Date of Award

5-1994

Degree Type

Dissertation

Degree Name

Doctor of Education

Major

Educational Psychology

Major Professor

Donald Dickinson

Committee Members

Kathy Greenberg, Bob Williams, Tom George

Abstract

This study investigated the effects of the Cognitive Enrichment Network (COGNET) mediated learning instructional approach, an approach based on Feuerstein's theory of structural cognitive modifiability, on cognitive and metacognitive variables. COGNET and control subjects were in grades K-3 and were from two schools in rural Tennessee. They were identified as potential subjects by being former Head Start participants, receiving free lunch, or by teacher referral for at risk status. They participated in the study for two years. Students were videotaped during the pre- and post-test administrations of the Cognitive Functioning Analysis Instrument. From these videos, the cognitive phase durations of "think time," "solution time," and "reflective thinking" were timed. In addition, the frequencies of metacognitive behaviors of requiring prompts, being off task, and monitoring were analyzed.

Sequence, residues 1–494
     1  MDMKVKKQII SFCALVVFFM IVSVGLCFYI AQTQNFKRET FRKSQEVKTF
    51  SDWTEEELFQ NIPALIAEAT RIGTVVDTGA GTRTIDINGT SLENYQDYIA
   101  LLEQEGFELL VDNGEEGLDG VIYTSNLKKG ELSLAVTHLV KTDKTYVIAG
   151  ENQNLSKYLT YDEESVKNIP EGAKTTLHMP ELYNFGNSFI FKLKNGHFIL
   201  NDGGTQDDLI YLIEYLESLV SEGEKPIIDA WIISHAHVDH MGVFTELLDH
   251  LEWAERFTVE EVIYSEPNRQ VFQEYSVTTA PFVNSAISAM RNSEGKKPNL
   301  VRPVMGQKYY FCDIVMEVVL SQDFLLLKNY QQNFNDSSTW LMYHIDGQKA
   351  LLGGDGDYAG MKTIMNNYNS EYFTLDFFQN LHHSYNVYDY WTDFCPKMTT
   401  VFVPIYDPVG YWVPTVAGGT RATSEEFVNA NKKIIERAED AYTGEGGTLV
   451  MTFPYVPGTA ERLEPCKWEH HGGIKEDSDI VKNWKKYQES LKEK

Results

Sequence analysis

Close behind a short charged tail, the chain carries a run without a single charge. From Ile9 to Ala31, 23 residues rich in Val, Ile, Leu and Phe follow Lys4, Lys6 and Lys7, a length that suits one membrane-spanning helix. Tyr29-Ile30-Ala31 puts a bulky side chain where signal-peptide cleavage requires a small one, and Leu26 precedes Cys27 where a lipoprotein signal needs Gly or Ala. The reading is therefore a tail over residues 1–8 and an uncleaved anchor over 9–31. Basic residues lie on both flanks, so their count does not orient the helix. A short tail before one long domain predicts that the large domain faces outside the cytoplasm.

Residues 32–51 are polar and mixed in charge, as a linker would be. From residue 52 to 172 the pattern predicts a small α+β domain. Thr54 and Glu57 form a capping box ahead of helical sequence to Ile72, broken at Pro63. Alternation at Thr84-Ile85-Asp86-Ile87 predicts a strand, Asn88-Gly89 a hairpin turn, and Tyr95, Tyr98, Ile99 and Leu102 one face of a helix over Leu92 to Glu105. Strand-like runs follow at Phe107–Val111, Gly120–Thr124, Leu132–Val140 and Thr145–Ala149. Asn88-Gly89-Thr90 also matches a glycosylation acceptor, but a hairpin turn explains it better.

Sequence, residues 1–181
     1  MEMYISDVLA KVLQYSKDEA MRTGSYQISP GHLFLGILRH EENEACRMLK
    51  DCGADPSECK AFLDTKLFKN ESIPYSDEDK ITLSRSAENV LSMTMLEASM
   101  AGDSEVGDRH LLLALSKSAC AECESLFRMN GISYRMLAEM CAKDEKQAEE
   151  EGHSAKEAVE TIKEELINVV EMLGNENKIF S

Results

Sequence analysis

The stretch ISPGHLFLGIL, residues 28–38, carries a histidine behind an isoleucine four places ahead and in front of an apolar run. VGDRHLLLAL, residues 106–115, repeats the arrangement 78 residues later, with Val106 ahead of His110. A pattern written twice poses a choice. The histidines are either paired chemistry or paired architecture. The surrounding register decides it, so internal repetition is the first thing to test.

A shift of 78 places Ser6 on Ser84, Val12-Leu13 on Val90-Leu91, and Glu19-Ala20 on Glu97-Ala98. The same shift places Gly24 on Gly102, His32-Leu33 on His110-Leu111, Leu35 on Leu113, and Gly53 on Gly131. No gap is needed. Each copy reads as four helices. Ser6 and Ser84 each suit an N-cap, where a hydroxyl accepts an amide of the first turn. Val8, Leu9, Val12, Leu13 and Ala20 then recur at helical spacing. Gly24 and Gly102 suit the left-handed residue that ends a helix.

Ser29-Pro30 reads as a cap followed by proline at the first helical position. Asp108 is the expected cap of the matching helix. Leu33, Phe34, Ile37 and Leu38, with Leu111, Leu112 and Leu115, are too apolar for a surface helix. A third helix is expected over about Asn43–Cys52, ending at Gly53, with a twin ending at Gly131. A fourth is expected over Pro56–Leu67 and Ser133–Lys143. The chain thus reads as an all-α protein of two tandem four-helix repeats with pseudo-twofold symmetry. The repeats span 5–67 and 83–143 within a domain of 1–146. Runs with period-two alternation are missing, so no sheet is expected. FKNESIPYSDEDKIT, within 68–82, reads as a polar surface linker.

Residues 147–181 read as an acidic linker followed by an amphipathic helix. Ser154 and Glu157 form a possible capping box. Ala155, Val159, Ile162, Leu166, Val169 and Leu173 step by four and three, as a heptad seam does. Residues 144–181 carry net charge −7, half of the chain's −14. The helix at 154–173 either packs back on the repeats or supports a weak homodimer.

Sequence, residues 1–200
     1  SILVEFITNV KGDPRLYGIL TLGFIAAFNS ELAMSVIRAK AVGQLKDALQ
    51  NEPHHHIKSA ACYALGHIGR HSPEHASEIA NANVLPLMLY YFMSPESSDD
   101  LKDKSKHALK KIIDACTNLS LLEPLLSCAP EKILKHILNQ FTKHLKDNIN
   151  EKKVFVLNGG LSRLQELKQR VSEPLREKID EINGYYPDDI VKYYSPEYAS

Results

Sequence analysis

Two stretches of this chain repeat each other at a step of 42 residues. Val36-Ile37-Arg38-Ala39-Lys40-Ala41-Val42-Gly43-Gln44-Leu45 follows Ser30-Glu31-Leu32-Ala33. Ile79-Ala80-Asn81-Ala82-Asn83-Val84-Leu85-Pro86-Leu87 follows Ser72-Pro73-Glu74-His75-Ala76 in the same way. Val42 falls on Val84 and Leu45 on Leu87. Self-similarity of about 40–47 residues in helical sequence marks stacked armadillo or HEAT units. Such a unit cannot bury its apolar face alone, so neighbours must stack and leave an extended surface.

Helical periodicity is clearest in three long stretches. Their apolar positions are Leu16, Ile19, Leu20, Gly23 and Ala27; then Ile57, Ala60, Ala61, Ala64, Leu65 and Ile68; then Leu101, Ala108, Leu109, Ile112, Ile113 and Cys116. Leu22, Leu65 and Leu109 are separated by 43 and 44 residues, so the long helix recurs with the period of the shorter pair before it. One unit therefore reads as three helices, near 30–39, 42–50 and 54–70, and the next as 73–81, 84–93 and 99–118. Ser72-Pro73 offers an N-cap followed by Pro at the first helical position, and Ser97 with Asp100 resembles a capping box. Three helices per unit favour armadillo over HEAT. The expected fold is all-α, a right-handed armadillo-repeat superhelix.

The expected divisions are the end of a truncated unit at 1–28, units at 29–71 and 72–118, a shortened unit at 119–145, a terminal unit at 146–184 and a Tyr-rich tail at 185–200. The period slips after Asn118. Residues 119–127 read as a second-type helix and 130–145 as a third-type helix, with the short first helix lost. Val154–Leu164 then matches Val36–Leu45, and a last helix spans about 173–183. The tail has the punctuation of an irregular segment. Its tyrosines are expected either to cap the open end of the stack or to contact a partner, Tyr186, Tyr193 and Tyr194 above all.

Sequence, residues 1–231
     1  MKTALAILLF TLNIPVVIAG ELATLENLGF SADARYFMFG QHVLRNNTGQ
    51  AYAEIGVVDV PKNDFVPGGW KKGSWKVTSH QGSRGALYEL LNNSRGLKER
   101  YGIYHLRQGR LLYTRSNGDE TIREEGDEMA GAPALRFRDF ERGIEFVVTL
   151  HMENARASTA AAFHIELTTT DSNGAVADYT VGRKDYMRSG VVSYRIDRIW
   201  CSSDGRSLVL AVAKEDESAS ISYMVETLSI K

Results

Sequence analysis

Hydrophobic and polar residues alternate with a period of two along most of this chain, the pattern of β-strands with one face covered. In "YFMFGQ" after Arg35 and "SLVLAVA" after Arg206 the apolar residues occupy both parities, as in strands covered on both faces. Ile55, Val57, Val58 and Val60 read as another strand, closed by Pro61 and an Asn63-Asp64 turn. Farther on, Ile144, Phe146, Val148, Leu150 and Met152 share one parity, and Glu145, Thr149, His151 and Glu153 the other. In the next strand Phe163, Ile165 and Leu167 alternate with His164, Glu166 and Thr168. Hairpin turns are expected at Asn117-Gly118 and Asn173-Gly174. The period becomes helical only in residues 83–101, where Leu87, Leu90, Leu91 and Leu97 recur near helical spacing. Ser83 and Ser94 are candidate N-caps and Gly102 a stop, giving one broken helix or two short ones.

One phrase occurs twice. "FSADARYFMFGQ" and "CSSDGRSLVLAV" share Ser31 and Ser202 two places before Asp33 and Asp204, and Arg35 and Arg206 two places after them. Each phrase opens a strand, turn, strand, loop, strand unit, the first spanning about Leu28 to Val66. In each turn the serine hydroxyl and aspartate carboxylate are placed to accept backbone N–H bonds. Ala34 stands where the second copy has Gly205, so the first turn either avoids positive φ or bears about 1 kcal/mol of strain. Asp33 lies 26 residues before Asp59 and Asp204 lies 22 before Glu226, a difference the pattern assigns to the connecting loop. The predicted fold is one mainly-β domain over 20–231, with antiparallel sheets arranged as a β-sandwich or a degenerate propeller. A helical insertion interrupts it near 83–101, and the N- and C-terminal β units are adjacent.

Using ANCOVA with the pre test as a covariate, think time and solution time did not differ statistically. COGNET students utilized reflective thinking more than did the control students. No significant differences between COGNET and control students were found on the metacognitive variables. The inconclusive results with the cognitive variables were viewed as a function of student variability and degree of teacher implementation of the COGNET program. The metacognitive variables occurred with low frequencies.

These results suggested that the COGNET program did not develop strategies for problem solution on all cognitive variables. The COGNET group offered longer descriptions of their problem solving plan than did the control group; however, the duration measures may not have been entirely appropriated in the assessment of cognitive processing. The results did not support COGNET's effectiveness for improved efficiency in the metacognitive variables. The efficiency paradigm as hypothesized may be questioned since this is a group of at-risk learners. These results appear confounded by instrumentation, implementation, and age and developmental factors.

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